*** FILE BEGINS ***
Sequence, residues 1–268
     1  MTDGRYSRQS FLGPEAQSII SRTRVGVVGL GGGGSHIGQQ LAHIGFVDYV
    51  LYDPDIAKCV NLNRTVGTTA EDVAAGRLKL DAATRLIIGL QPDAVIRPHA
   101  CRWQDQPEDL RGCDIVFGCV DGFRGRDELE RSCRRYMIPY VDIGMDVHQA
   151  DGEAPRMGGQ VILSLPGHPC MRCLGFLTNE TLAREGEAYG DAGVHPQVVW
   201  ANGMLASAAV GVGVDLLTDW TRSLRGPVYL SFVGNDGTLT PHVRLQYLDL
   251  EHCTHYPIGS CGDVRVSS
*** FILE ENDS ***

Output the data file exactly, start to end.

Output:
Sequence, residues 1–268
     1  MTDGRYSRQS FLGPEAQSII SRTRVGVVGL GGGGSHIGQQ LAHIGFVDYV
    51  LYDPDIAKCV NLNRTVGTTA EDVAAGRLKL DAATRLIIGL QPDAVIRPHA
   101  CRWQDQPEDL RGCDIVFGCV DGFRGRDELE RSCRRYMIPY VDIGMDVHQA
   151  DGEAPRMGGQ VILSLPGHPC MRCLGFLTNE TLAREGEAYG DAGVHPQVVW
   201  ANGMLASAAV GVGVDLLTDW TRSLRGPVYL SFVGNDGTLT PHVRLQYLDL
   251  EHCTHYPIGS CGDVRVSS